I don’t think a MN III is going to do well as a downriver boat in class 1 and 2 water. I think this is why people are suggesting the penobscot models. Until Dagger came along with some new tandem royalex designs in the early 1990s, the penobscots did very well in stock downriver races. They are also a pretty quick hull on flatwater compared to most royalex hulls. If these folks only have one boat it is going to be a compromise. I suggested the penobscot 174(former disco) as an alternative for a smaller budget.
can’t prove it by me
Do kayak paddles make you go faster in the adventure races?
At the Chattahoochie race last year the strictpaddler and this baldpaddler were chargrined to see several skin coat stock boats, a Jensen 18, a Minn2 and another which I did not get the make. They had kayak paddles or double bladed canoe paddles in them. One of these teams had decent looking paddles at that.
The Strict paddler is busy raising kids and earning a living so is terribly out of shape now. I on the other hand am in shape, pear shape… the gun went of and I was suprised that Two out of shape 40+ like Debbie and I were leading. We were in an old Gel coat Cross ribbed Jensen 18.
We won first in the canoe classes even though we used single bladed paddles. The double bladed paddles seem to give a lot of power, but if you do not train with them they will also give you a false sense of complaiceny. Debbie and I had maybe 10-15 hours seat time together, but it was enough to put us in the lead.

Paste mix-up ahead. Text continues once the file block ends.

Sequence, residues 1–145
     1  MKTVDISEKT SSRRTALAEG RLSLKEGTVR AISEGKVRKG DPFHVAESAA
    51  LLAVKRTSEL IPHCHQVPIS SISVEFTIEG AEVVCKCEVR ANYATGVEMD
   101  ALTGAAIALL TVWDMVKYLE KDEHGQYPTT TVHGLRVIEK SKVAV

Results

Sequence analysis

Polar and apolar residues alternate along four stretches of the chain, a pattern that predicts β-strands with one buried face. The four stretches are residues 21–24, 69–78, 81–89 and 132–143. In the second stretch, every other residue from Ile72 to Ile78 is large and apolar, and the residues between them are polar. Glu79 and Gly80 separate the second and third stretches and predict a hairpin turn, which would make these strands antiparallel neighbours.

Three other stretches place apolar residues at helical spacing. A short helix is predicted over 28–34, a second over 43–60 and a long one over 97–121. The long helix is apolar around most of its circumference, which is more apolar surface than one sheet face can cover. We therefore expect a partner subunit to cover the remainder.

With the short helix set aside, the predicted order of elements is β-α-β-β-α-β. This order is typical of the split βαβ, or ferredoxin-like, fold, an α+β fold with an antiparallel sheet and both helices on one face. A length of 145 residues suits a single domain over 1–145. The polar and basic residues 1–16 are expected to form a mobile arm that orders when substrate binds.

If you are racing, get a fast boat. A Disco or Penobscot is not a fast boat, even in tandem categories, much less with three people. If it is Class 1-2, it is not downriver. It is flat water with large riffles.
In adventure racing, very seldom do you see anything beyond standing waves. So let’s see, holds three people, qualifications are speed, manuveurability, and weight? A 17 foot tandem hull, and not a fast one at that. Are you racing against him?
SUEMAS, Haved you paddled the MNIII? No different than any other larger boat. A decent draw stroke will take care off most situations.
As a racer, you’re far better off getting a used composite boat, no matter what the design, they will blow a royalex boat out of the water.
Look around a bit. There are used MNIII out there. This is one of those few areas in competition that you can truly buy an advantage.